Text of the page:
I am an anthropologist of religion. This means that my primary method of investigation is fieldwork, observing and participating in the lives of my subjects.
One thing anthropologists do well is pay attention to the boundary between insider and outsider. We ask questions like: What are the words, behaviors, and backgrounds that make a person fit in or stick out? How does a person go from an outsider to an insider in a community?
I studied sports ministry communities, groups directly at the intersection of sport and Christianity. I’m an outsider for both of the major aspects of this community: I’m not an athlete, and I’m not a Christian. I grew up hating sports. I thought sports were boring, dangerous, and stupid. I should also confess that when I started my research, I also thought Christians were boring, dangerous, and stupid. So, I might be the unlikeliest anthropologist to choose sports ministry as a site for investigation.
In the mid-2000s, I spent two years doing anthropological fieldwork with female Christian athletes in the U.S. I attended a summer camp for high school athletes hosted by Fellowship of Christian Athletes; I traveled with Athletes in Action’s women’s basketball team on an exhibition tour; and I spent a competitive season with the Charlotte Lady Eagles, a semi-professional soccer team owned and operated by Ministry Athletes International.
My fieldwork focused on women for two reasons. First, since the 1990s, women have outnumbered men as sports ministry participants, and, second, women who play sports often find themselves challenging gender norms and have to conscientiously navigate their gendered identity. This last aspect is amplified for evangelical sportswomen who tend to value conservative gender roles as part of their religious identity.
I saw that sports ministry gave female Christian athletes tools to use their own bodies to understand their religious identity, and in so doing, they came to question and re-work evangelical mainstays on gender and sexuality. Women in sports ministry developed strategies for maintaining their sense of femininity while competing at an elite level; they began to seriously rethink evangelicalism’s condemnation of homosexuality because of their athletic engagement with out-lesbians (and sometimes their own feelings of same-sex attraction); and they used their athletic experiences of team dynamics to rethink and shift their understandings of godly marriage. I describe some of these findings as “unintended consequences of sports ministry.”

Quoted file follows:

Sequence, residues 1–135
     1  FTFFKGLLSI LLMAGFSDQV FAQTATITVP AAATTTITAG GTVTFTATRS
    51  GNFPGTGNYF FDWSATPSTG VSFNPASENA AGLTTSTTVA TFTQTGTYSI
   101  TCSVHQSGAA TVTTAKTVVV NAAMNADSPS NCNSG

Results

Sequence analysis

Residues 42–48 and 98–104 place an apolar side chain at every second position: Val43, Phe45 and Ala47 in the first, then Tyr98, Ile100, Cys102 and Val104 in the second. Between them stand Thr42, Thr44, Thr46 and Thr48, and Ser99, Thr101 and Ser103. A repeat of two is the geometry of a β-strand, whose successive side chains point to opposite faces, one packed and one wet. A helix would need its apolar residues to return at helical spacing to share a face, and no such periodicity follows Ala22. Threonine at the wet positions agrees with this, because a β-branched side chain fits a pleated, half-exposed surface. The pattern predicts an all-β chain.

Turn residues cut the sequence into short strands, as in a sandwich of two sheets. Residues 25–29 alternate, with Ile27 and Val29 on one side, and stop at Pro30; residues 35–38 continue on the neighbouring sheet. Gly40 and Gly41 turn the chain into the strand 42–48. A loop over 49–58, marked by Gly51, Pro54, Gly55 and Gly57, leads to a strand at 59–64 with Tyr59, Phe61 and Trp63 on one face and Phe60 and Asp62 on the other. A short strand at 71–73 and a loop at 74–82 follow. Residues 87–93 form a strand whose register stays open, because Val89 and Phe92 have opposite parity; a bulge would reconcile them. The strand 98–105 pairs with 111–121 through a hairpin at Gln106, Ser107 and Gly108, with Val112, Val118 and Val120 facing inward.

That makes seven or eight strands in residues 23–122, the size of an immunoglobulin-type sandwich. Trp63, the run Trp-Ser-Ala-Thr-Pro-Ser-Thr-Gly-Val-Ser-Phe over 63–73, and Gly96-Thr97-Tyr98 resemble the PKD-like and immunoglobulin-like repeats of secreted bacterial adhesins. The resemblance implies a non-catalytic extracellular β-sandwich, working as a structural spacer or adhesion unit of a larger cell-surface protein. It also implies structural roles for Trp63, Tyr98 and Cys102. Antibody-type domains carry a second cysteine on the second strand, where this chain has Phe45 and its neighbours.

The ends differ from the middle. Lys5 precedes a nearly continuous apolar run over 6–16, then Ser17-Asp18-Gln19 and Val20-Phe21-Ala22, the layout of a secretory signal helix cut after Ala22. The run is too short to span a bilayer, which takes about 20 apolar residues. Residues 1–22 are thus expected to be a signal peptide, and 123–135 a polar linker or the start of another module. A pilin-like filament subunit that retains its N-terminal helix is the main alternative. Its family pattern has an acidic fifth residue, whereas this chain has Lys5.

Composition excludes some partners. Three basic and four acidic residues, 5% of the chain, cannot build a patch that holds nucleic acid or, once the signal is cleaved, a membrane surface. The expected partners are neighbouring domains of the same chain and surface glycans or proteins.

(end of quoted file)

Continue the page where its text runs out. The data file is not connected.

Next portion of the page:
Over the course of this work, I came to a much more complex understanding of sports, of ministry, and of sports ministry. One thing anthropologists try to do is to cross the boundary of insider/outsider and translate insider worlds for other outsiders. As an anthropologist studying lived religion, I struggled with how to convey very different perspectives and communicate clearly the experiences of the women I studied. Ethically, anthropologists have an obligation to include the voices of their subjects, but anthropologists also always frame, analyze, and compare these voices. In my book, Playing for God: Evangelical Women and the Unintended Consequences of Sports Ministry, I worked to highlight contradiction, tension, and ambivalence to show complexity within sports ministry.
In the years since the publication of Playing for God, I’ve been invited to talk to graduate students about anthropological methods, to visit undergraduate kinesiology classrooms to talk about sport and social issues, and to speak at a conference for Christians who study sport. It was the last of these that surprised me the most. Playing for God details why athletes might benefit from sports ministry. Yet it also recognizes that even though evangelicals have been heartily involved in sports at every level of competition for more than fifty years, sport has not changed and continues to promote hierarchy, value winners, dismiss losers, and exploit bodies for financial gain. As the keynote speaker for the 2017 Christian Society for Kinesiology and Leisure Studies conference, I delivered an hour-long presentation on how sports ministry developed and how it remains complicit with the structures of sport that maintain inequality, gender stereotypes, and capitalist exploitation. I was nervous to share my perspective with a room full of Christians who love and study sport and who engage in ministry! However, the reception was overwhelmingly positive, and many thanked me for setting the stage for a conversation that they were interested in having: how can sports ministry improve sports? It was perhaps the most rewarding opportunity I have ever had to talk about my research.
The anthropological fieldwork that I did is now more than ten years old. And Playing for God has been on bookshelves for five. The female athletes that I studied when they were in their 20s have grown and changed. My book is a snapshot in time, exploring sports ministry in its most recent phase, and while I can’t predict where sports ministry will go next, I know it is not static and we will see innovations. These too may have unintended consequences.